Turning Points Magazine & Devotional

August 2022 Issue

Develop the Discipline to RISE ABOVE

From the May 2022 Issue

Your Voice: Living Out Loud

Online Exclusive: From This Point Forward

Your Voice: Living Out Loud

You know this expression: “The straw that broke the camel’s back.” While usually it suggests a negative outcome, in general it illustrates the principle of a tipping point—the moment at which one event totally alters the future. In any other context, a single event might make no difference at all. But in the right place, at the right time, with the right person, it can make all the difference.

Let’s use what was a very complex situation as an example. The northern tribes of Israel were conquered and scattered by the Assyrians. Then the two southern tribes were conquered and deported to Babylon for 70 years of exile. Persia conquered Babylon and the Persian king released the Jewish people to return to Judah. But after a century of assimilation, more Jews remained in Persia than returned to Judah.

Haman, an official of the Persian king, saw an opportunity to rid the world of the Jews still living in Persia. But Haman underestimated the courage of the young Jewish girl, Esther, who the king had taken as his wife. With fear and trembling, Esther approached the king and begged him to spare her people. She exposed the plot of Haman and prevented what would have been an act of genocide comparable to the Holocaust that occurred in Germany centuries later. The king put Haman to death and preserved the Jews.

Esther’s words represented a tipping point that changed the destiny of the Jewish people. And she spoke to the king at great risk to herself. Even though Esther was the king’s wife, it was considered inappropriate to approach the king. Esther had a choice: Speak up and hopefully save her people or remain silent and see them exterminated. She chose to speak up, and the Jews were saved.

It was Esther’s cousin, Mordecai, who convinced Esther she needed to speak to the king: “Yet who knows whether you have come to the kingdom for such a time as this?” (Esther 4:14) When we are God’s person, in God’s time, and in God’s place, that is the time to speak for God!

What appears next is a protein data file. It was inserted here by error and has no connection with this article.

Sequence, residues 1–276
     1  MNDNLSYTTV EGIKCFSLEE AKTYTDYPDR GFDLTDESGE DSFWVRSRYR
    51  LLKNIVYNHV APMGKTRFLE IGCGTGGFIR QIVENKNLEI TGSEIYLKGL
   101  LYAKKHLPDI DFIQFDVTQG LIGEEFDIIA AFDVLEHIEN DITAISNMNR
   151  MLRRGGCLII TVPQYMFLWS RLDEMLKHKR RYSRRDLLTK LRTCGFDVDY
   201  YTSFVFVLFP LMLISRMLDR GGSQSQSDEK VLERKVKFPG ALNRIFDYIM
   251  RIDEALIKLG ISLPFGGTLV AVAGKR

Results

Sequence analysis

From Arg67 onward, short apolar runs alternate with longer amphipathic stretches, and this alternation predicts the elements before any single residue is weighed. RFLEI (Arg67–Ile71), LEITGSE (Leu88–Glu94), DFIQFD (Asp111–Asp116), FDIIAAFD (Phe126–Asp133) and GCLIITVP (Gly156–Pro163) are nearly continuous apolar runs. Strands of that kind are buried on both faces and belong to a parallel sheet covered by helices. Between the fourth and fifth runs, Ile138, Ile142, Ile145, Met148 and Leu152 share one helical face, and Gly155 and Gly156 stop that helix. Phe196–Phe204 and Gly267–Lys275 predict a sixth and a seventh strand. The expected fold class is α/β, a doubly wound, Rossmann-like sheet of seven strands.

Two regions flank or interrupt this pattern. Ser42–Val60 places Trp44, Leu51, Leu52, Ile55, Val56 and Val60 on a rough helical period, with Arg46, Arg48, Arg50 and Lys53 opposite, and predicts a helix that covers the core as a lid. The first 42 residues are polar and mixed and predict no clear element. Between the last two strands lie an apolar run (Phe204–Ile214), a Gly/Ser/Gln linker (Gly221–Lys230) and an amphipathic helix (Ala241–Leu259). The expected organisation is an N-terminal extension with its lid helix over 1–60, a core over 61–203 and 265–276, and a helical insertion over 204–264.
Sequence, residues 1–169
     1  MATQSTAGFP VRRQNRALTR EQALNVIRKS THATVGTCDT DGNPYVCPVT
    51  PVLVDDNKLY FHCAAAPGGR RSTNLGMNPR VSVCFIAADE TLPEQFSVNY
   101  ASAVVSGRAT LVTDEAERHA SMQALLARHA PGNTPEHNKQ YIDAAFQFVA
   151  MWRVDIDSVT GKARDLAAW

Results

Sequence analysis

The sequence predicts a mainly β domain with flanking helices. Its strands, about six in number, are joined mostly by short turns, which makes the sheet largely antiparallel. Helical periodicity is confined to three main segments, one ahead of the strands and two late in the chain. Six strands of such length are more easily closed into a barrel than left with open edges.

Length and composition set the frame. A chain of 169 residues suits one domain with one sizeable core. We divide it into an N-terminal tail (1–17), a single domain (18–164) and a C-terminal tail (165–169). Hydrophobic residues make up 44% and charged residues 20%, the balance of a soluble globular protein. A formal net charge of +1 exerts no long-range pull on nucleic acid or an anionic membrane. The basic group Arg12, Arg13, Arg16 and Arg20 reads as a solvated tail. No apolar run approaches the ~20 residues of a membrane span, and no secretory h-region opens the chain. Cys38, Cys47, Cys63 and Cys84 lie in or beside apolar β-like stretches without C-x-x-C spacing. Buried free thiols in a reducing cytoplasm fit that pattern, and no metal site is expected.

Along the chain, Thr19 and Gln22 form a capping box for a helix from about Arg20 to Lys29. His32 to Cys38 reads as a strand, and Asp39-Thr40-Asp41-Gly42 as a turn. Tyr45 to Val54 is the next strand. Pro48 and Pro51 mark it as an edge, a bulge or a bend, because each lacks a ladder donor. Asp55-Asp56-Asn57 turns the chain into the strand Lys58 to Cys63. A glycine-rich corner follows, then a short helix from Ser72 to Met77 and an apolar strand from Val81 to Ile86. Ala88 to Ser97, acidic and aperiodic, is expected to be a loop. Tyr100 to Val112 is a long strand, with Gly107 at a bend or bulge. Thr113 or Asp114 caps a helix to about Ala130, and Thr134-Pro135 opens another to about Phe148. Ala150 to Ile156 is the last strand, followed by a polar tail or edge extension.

A Person, a Time, a Place

Sometimes we feel: “It’s neither the time nor the place—and I am certainly not the person—to speak out for God.” We often feel inadequate for the task, but what would have happened to the Jews dwelling in Persia if Esther had thought it was “neither the time nor place” to speak out?

This goes back to the issue of God’s providence. Who are we to think that God has not brought us to a particular time and place to speak out for Him? Yes, speaking against some evil behavior or trend in society can be difficult, even dangerous. Think of Dietrich Bonhoeffer speaking out against Hitler, William Wilberforce speaking out against England’s slave trade, Martin Luther speaking against the abuses of Rome, or Rosa Parks speaking out against the evils of racism. All those people paid a price for speaking out for God and biblical principles.

But think how many other opportunities there are to speak for Jesus. How many people do we encounter who simply need a word of consolation or counsel, a word of friendship or favor, a word of gratitude or grace? I dare say each of us encounters people in similar situations multiple times every day.

A plain reading of the four Gospels and the epistles demonstrates that Jesus and the apostles let their voices be heard in both kinds of situations—the difficult places and the daily places. If we believe that we are led by the Spirit in our lives, we have to do what they did and speak as they did.